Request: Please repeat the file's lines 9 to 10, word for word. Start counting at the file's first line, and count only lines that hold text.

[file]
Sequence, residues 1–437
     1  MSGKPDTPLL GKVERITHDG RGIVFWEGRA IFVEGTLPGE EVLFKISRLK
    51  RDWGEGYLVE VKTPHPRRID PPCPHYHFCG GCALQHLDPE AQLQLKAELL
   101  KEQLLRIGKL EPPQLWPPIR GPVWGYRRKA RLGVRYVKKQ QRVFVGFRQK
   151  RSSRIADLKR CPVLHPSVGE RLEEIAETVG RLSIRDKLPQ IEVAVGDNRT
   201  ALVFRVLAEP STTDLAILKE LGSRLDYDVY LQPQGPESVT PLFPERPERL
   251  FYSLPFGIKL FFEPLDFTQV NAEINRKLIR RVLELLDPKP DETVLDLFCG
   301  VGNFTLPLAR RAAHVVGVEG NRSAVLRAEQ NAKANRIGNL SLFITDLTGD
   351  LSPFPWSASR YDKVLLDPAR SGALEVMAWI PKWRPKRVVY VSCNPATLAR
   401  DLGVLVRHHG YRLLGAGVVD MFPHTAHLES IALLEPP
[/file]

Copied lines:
   351  LSPFPWSASR YDKVLLDPAR SGALEVMAWI PKWRPKRVVY VSCNPATLAR
   401  DLGVLVRHHG YRLLGAGVVD MFPHTAHLES IALLEPP